This Chinese helicopter toy was introduced into Europe and "made its earliest appearances in Renaissance European paintings and in the drawings of Leonardo da Vinci." The toy helicopter appears in a c. 1460 French picture of the Madonna and Child at the Musée de l'Ancien Évêché in Le Mans, and in a 16th-century stained glass panel at the Victoria and Albert Museum in London. A c. 1560 picture by Pieter Breughel the Elder at the Kunsthistorisches Museum in Vienna depicts a helicopter top with three airscrews.
"The helicopter top in China led to nothing but amusement and pleasure, but fourteen hundred years later it was to be one of the key elements in the birth of modern aeronautics in the West." Early Western scientists developed flying machines based upon the original Chinese model. The Russian polymath Mikhail Lomonosov developed a spring-driven coaxial rotor in 1743, and the French naturalist Christian de Launoy created a bow drill device with contra-rotating feather propellers.
In 1792, George Cayley began experimenting with helicopter tops, which he later called "rotary wafts" or "elevating fliers". His landmark (1809) article "On Aerial Navigation" pictured and described a flying model with two propellers (constructed from corks and feathers) powered by a whalebone bow drill. "In 1835 Cayley remarked that while the original toy would rise no more than about 6 or 7.5 metres, his improved models would 'mount upward of 90 ft (27 metres) into the air'. This then was the direct ancestor of the helicopter rotor and the aircraft propeller."
Discussing the history of Chinese inventiveness, Joseph Needham wrote, "Some inventions seem to have arisen merely from a whimsical curiosity, such as the 'hot air balloons' made from eggshells which did not lead to any aeronautical use or aerodynamic discoveries, or the zoetrope which did not lead onto the kinematograph, or the helicopter top which did not lead to the helicopter."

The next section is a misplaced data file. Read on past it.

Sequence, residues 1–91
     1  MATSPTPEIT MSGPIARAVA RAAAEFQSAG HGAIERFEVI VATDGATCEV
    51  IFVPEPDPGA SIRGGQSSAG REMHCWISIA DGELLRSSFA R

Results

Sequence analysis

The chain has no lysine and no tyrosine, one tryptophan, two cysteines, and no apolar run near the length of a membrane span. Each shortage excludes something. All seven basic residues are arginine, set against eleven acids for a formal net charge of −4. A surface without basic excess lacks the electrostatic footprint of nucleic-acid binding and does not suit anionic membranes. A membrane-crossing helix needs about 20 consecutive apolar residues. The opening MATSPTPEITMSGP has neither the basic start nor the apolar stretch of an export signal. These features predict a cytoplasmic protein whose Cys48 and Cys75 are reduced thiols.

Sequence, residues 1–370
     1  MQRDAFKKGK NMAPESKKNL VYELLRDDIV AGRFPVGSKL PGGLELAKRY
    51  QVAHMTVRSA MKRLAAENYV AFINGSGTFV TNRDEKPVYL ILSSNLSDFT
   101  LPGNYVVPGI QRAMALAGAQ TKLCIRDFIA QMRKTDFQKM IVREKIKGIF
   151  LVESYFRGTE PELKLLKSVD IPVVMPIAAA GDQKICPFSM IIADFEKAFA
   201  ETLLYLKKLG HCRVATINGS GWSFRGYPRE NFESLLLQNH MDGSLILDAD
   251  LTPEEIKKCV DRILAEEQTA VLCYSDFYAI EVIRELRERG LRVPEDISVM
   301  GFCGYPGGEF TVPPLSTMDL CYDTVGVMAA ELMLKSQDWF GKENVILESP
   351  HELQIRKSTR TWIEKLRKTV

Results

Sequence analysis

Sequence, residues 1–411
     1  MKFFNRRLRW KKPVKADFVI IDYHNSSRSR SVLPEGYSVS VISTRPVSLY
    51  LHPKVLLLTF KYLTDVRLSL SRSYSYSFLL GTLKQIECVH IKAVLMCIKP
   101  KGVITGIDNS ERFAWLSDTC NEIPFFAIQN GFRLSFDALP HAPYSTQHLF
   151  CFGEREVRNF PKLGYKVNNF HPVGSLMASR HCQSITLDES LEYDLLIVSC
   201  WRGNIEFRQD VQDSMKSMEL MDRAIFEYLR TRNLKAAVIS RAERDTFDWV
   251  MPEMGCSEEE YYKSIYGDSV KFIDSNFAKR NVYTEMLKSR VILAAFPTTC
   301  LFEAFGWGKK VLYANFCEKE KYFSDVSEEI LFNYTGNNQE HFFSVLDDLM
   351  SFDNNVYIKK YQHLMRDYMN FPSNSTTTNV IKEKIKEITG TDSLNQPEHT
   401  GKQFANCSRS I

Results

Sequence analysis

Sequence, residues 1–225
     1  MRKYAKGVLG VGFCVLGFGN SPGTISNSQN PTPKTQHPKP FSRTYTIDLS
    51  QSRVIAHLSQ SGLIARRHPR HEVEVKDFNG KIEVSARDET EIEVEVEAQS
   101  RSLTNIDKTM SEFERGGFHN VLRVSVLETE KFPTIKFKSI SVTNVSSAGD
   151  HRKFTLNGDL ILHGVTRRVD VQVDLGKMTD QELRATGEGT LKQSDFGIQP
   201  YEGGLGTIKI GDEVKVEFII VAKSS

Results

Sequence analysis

- Leishman, J. Gordon (2006).  Principles of Helicopter Aerodynamics. Cambridge University Press. pp. 7–9. ISBN 0-521-85860-7
- Joseph Needham and Ling Wang (1965), Science and civilisation in China: Physics and physical technology, mechanical engineering Volume 4, Part 2, pp. 582–583
- Needham and Wang (1965), pp. 583, 587
- Ware, James R. (1966). Alchemy, Medicine and Religion in the China of A.D. 320: The Nei Pien of Ko Hung. Dover. pp. 258–259
- Donald F. Lach (1977).  Asia in the making of Europe. Volume II, A Century of Wonder. p. 403
- Charles H. Gibbs-Smith,  Origins of the helicopter, New Scientist, vol. 14.4, 3 May 1962, p. 229
- Goebel, Greg.  The Invention Of The Helicopter, Vectorsite.net. Retrieved 11 November 2008
-  Chinese Inventions
- Cayley, George (1809) "Archived copy" (PDF). Archived from the original (PDF) on 11 May 2013. Retrieved 16 October 2013. On Aerial Navigation, Part 1, p. 7
- Colin Ronan (1994).  The Shorter Science and Civilization in China: an abridgement of Joseph Needham's original text, Cambridge University Press, Volume 4, Part 2, p. 283
- Joseph Needham, Kenneth Girdwood Robinson (2004).  Science and civilisation in China, Volume 7: The Social Background, Part 2, General Conclusions and Reflections. Cambridge University Press. p. 225